ALPS Lists High-Volatility ‘Put Write’ ETF
February 28, 2013
ALPS, the Denver-based ETF sponsor, today launched a high-volatility ETF that, through put options, looks to capture enhanced returns from rallying stocks in what amounts to a high-risk income strategy.
The U.S. Equity High Volatility Put Write Index Fund (NYSEArca: HVPW) tracks an NYSE Arca index, and comprises exchange-traded put options sold on a basket of 20 stocks chosen from some of the largest-capitalization equities that also show the highest volatility in the space, according to the fund’s prospectus. The fund costs 0.95 percent a year, or $95 for each $10,000 invested.
High-volatility equities generally see sharp declines in bear markets, but they also tend to see outsized gains when stocks are rallying. That makes the timing of this launch opportune given that the U.S. stock market has been rallying to multiyear highs as investors add to their risk exposure and bet on a recovering economy.
“In a bull market, this can be a yield play,” IndexUniverse ETF analyst Gene Koyfman said. “The idea is that if you expect markets to trend up and you sell insurance (write puts) on the most volatile stocks, you should get a healthy premium even for out-of-the-money puts.”
“The downside is that you are the insurance provider on the portfolio downside,” he added.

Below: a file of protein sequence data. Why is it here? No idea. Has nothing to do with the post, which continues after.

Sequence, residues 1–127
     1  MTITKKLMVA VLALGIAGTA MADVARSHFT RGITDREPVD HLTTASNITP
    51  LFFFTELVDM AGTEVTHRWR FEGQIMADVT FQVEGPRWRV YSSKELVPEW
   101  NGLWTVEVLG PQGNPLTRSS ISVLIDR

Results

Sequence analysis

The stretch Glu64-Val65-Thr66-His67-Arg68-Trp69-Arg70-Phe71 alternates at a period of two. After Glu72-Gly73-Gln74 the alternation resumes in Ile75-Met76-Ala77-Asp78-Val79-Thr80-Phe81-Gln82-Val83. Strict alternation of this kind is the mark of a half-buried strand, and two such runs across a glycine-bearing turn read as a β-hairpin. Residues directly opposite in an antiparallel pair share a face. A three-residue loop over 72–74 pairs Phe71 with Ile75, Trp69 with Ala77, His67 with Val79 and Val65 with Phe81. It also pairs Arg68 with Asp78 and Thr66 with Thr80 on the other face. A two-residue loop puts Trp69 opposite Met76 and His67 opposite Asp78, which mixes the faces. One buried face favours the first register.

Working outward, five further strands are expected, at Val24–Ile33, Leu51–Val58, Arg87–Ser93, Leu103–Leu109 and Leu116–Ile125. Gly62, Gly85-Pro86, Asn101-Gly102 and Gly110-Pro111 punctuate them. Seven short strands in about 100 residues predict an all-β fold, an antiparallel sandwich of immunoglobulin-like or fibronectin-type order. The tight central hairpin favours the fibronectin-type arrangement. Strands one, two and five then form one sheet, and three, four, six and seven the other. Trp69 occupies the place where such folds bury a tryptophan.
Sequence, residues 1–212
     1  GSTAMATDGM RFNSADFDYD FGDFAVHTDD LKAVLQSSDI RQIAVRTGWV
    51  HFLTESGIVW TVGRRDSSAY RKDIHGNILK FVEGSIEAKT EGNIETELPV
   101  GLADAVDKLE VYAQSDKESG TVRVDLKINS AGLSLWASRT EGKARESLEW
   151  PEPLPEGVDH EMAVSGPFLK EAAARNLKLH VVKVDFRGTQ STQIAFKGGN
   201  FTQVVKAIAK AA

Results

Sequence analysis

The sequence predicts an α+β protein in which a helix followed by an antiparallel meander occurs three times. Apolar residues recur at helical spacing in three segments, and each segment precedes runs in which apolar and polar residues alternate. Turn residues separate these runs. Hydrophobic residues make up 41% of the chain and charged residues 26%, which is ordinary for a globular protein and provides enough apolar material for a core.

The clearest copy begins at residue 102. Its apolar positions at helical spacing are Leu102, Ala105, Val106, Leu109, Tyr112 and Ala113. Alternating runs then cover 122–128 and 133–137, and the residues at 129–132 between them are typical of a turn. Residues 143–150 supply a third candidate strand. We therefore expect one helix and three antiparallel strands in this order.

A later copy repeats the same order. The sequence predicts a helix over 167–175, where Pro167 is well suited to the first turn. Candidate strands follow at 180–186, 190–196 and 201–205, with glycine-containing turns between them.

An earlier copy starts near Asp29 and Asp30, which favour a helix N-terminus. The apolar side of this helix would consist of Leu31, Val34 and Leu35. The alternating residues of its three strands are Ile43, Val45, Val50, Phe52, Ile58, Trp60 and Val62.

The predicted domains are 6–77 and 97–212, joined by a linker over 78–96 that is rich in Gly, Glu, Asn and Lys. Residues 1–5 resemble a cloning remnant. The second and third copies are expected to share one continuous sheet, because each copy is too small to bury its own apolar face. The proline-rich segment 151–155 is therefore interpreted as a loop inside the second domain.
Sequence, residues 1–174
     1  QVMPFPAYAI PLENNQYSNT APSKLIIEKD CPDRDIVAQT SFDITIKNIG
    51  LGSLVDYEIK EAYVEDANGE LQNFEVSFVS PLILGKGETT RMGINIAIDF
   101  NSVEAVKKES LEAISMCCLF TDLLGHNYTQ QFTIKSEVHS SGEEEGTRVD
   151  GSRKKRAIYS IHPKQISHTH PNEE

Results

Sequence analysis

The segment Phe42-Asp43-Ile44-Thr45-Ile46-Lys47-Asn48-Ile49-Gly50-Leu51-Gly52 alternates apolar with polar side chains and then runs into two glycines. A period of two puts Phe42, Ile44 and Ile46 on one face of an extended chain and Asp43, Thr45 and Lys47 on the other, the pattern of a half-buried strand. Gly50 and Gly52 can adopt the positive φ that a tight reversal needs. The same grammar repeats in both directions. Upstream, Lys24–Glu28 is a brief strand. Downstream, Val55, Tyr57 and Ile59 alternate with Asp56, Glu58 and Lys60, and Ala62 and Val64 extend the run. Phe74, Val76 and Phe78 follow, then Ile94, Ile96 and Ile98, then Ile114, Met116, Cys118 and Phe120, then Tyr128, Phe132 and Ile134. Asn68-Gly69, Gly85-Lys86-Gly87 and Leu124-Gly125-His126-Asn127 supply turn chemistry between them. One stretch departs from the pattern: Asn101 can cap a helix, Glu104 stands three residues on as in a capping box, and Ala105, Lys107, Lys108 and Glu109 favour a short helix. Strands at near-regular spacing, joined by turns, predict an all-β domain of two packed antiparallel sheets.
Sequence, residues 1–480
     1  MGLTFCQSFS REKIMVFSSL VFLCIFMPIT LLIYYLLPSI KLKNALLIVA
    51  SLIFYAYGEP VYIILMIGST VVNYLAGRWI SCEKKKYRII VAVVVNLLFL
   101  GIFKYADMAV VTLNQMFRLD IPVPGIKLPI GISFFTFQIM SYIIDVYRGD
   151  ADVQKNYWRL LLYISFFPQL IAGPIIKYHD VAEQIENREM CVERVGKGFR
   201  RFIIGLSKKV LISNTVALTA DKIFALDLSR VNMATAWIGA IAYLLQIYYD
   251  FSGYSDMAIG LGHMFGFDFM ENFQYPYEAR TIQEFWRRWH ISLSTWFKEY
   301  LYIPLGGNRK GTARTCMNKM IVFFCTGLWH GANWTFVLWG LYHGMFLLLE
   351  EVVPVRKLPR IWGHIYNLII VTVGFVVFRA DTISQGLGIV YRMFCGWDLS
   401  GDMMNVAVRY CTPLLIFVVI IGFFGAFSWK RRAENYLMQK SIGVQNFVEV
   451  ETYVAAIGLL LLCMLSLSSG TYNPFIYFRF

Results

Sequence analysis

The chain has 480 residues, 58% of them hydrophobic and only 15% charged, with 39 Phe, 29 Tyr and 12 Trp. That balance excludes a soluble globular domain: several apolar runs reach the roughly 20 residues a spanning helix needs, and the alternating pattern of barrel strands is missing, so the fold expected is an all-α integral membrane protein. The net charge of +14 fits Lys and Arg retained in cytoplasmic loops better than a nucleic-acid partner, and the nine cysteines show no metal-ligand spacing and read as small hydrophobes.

While low-volatility strategies have been all the rage in the past two years—as evidenced by fund launches and asset flows—there are limited opportunities for investors who want to dip into the high-volatility ETF space.
In fact, HVPW will face few challengers given the fact that two Russell high-volatility strategies, “HVOL” and “SHVY,” were shuttered last year.
To be eligible for the portfolio, companies on which options are sold must have a minimum market cap of $5 billion. The put options have a 60-day term, the filing said.
The fund looks to pay out 1.5 percent every 60 days, according to the filing, which would work out to roughly 9 percent a year, IndexUniverse ETF analyst Paul Britt noted.
The strike price of each put option—the price at which each can be exercised—included in the index must be as close as possible to 85 percent of the closing price of the option’s underlying stock price as of the beginning of each 60-day period.
ALPS is the 14th-largest U.S. ETF provider, with $5.6 billion in assets, according to data compiled by IndexUniverse.
Paul and Ugo discuss the rumors surrounding the SEC's new approach to passive ETFs and whether investors have learned any lessons from the recent moves in gold.See All